BPM Think Tank Day 1: Paul Harmon

Phil Gilbert kicked off morning with welcome and logistics before turning it over to Paul Harmon, who gave a keynote entitled “Does the OMG have any business getting involved in business process management?” I love a little controversy first thing in the morning.

He started out with a fairly standard view of the history of BPM and process improvement, from Rummler-Brache and TQM in the 80’s to BPR in the 90’s to BPM in the 00’s. He pointed out that BPM has become a somewhat meaningless term, since it means process improvement, the software used to automate processes, a management philosophy of organizing businesses around their processes (the most recent Gartner viewpoint) and a variety of other things.

He broke down BPM into enterprise level, process level and implementation level concerns (with a nice pyramid graphic), and gave some examples of each. For example, at the enterprise level, we have frameworks such as SCOR (for supply chain) and high-level organizational issues such as the Business Process Maturity Model (BPMM); Harmon questions whether OMG should be involved at this level since its primary focus is on technology standards. Process-level concerns are more about modelling, documenting and improving processes, and spreading that process culture throughout the organization. Implementation-level concerns includes the automation of processes, including execution and monitoring, plus the training required to support these new processes.

He made an interesting distinction between stable processes,which need to be efficient and productive, and dynamic processes, which need to be flexible. Processes that are newer or need to be changed frequently are in the dynamic range; in my opinion, these tend to be the processes that are competitive differentiators for an organization. IBM has recently thrown the concept of “value nets” into the mix as an alternative to value chains, but Harmon feels that both are valid concepts: possibly using value chains for stable processes, which might even be candidates for outsourcing, and value nets for more dynamic processes.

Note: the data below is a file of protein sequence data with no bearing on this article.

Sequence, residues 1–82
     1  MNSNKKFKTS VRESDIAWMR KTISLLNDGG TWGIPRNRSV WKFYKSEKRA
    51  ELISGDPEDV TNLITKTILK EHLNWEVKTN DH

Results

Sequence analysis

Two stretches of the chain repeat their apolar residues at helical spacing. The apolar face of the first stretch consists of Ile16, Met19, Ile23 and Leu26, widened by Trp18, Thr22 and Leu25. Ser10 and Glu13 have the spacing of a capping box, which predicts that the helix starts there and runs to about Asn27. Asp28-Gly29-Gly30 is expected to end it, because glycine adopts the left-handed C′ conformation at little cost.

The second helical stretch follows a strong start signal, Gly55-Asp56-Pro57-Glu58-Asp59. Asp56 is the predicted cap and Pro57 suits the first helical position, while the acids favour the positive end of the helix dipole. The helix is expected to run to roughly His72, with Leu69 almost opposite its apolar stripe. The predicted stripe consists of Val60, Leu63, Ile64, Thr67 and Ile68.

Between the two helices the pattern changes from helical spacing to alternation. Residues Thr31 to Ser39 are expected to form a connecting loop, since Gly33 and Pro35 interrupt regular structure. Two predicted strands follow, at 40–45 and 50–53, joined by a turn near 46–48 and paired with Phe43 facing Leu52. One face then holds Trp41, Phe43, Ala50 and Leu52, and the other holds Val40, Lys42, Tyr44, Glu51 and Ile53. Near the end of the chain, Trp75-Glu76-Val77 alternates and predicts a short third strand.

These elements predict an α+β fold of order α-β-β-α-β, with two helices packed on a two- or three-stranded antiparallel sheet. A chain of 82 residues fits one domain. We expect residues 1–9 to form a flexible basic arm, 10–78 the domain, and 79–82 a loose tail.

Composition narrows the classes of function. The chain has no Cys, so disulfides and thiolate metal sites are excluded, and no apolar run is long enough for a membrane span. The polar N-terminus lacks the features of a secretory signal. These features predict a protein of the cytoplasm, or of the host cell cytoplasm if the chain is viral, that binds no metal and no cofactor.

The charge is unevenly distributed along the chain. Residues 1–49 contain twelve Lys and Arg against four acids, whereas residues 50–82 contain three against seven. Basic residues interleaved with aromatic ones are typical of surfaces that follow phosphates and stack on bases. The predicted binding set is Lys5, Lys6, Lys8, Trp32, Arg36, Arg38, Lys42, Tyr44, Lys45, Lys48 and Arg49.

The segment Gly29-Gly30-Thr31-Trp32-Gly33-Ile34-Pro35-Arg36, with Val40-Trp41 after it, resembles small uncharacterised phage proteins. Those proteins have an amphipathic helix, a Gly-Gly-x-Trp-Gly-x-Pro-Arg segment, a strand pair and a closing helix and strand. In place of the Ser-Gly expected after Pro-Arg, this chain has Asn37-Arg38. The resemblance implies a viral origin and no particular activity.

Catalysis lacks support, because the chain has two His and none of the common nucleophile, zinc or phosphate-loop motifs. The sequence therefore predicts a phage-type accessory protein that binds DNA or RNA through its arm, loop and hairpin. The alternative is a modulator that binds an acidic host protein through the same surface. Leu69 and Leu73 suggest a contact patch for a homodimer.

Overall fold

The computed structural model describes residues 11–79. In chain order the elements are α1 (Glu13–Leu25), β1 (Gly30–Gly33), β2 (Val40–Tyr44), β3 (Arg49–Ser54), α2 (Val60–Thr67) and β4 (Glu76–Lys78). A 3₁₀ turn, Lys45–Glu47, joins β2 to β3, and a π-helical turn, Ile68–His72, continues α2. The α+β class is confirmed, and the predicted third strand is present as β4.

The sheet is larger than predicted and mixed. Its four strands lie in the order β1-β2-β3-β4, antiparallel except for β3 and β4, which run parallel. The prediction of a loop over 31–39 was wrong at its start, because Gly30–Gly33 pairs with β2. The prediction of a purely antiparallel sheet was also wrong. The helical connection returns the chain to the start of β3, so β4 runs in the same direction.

He also made a distinction between process improvement, process redesign and process reengineering, a division that I find a bit false since it’s more of a spectrum than he shows.

There was an interesting bit on model-driven architecture (MDA) and how it moves from platform-independent models (in BPMN) to platform-specific models (also in BPMN) to implementation (e.g., J2EE); for example, there may be parts of a process modelled at the platform-independent level that are never automated, hence aren’t directly mapped to the platform-specific level.

He put forward the idea that process is where business mangers and IT meet, and that different organizations may have the implementation level being driven by either the business side or the IT side, and that there’s often poor coordination at this level.

He then discussed BPMS and came up with yet another taxonomy: integration-centric, employee-centric, document-centric, decision-centric and monitoring-centric. Do we need another way to categorize BPMS? Are these divisions all that meaningful, since the vendors all keep jostling for space in the segment that they think that the analysts are presenting as most critical? More importantly, Harmon sees that also the BPM suites vendors (those that combined process execution/automation with modelling, BAM, rules and all the other shiny things) are leading the market now, the platform vendors (IBM, Microsoft, etc.) will grow to dominate the market in years to come. I’m not sure that I agree with that unless those platform vendors seriously improve their offerings, which are currently disjointed and much less functional than the BPM suites.

Harmon’s slides will be available under OMG-BPM on the BPTrends site. There’s definitely some good stuff in here, particularly in the standards and practices that fit into each level of the pyramid.

Good thing that I’m blogging offline in Windows Live Writer, since the T-mobile connectivity keeps dropping, and isn’t smart enough to keep a cookie to stay logged in, but requires a new login each time that its crappy service cuts out. Posting may come in chunks since it will likely require me to dash out to the lobby to get a decent signal.

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